There is no more “Dopomoha” (“Aid”) hospeace in Alchevsk any more.
Or, to be precise, its director, Oleh Horbachyov, will never return to the occupied part of the Luhansk region.
A forty-year-old man can now speak about this loss calmly.
He has been trying to survive in Brovary district (the Kyiv region) for two years and he rents a house for his enormous family there. The inhabitants of this house are:
– he himself and his wife,
– their three biological children,
– two adopted children,
– more than twenty internally displaced elderly people who used to be Alchevsk hospeace patients.
Atonement for the lost youth
It all started with a personal history. Oleh Horbachyov’s parents were alcoholics so he was looked after by his grandmother. However, the boy did not appreciate her efforts and followed into his parents’ footsteps.
"I was at the very bottom, I was in it up to my neck”, says the man.
Then, when he touched the bottom, he understood that it was the time to start going up and decided to change his life completely.
In 1998 he came to a rehabilitation centre for alcoholics. The first question that he was asked there was: “Are you hungry?”
Oleh was twenty-six at that time and that simple question made the lad feel ashamed: he really had not eaten for several days before that.
"It was difficult”, remembers the man, “but I managed to do it as I knew for sure that I did not want to go back.”
First, he was helping in the rehabilitation centre as a volunteer.
He did not use to ask newcomers (alcoholics, drug addicts and homeless people) about the reason of their grief and did not try to preach to them, he just asked them the question he had been asked once: if they were hungry.
One day an elderly woman brought her alcoholic son to the centre and also asked for a shelter for herself.
A little later, another elderly woman came: her son had returned from prison and was beating her, taking her money away and did not let her enter the house.
Day by day the centre became full of elderly people who had no place to go due to different reasons.
Looking after those abandoned and miserable old retirees, Oleh suddenly understood that it was a kind of atonement for the way he used to treat his own late granny when he was young.
It was in 2001.
Having covered the way from a nursing assistant to a director of the centre, Oleh changed the place he worked at and turned it into a hospeace for the elderly.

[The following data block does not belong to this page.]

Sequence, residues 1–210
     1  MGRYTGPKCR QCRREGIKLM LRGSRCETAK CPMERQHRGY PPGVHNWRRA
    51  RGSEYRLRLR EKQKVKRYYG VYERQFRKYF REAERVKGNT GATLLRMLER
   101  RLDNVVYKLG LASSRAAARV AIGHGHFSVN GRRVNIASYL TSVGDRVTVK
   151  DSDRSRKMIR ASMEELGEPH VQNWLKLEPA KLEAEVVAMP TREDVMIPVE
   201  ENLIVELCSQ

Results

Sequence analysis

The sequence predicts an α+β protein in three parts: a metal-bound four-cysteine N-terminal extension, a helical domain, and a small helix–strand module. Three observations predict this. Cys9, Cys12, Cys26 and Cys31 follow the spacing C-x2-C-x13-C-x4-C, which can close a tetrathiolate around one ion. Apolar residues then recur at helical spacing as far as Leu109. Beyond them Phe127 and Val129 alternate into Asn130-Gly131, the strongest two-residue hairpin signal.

“There were so many of them — homeless elderly ladies and gentlemen and they had no one to care of them”, explains the man.
Oleh and his evacuated house
“Dopomoha” (“Aid”) hospeace for elderly people was situated on rented premises in Alchevsk, there were three detached houses which had been built in the USSR times, and it could place up to one hundred people at a time.
"The houses were not equipped well enough for a hospeace, they was not refurbished either, but for people who had not had homes for years even it was good enough”, remembers the man.
Still, Oleh was dreaming of a specialized hospeace in his native town. “Those were old people, they needed to have toilets within easy reach, wheelchair ramps for disabled ones.”
So, he started building a house with the help of businesses, international funds and community. It had to be a house for fifty people, elderly and disabled ones who could not be cared for by the state due to different reasons: some of them had lost their documents, some of the them had not had them for years: “There were people with Soviet passports in our home, who would have accepted those documents at state institutions?”
However, the building which had started in Alchevsk had never finished. In the summer of 2014 Oleh was concerned with other problems - he had to hide his elderly patients from the war.
Now, he lives nearly eight hundred kilometres away from home and rents a three-storey house where more than twenty elderly IDPs can live.
Evacuation of senior patients was conducted in three stages and still, Oleh did not manage to take everyone away.
"There were fifteen bedridden people they would not have survived the transportation”, says the man.
He evacuated nearly all of them himself, by his old “Volga” car. Now, the car is parked in the middle of the yard and it is more of a museum showpiece, it broke down and the owner says it cannot be repaired.
Oleh has to pay twelve thousand hryvnyas rent monthly. As it was in his native Alchevsk, he gets some help from business, international funds and indifferent people.
"I am not surprised any more when people tell me: “But those are seniors, they get pensions!” Of course, they do, but only ten of them and that is only ten thousand hryvnyas. I should feed more than thirty people with this money and pay the rent”, says Oleh Horbachov, director of the hospeace.
He says "more than" deliberately as the number of the hospeace residents changes all the time. Recently, two elderly people have been buried.
"They are here till...", the man interrupts himself.
Pics courtesy of UN Refugee Agency in Ukraine.
Katya Lutska for UP. Life.
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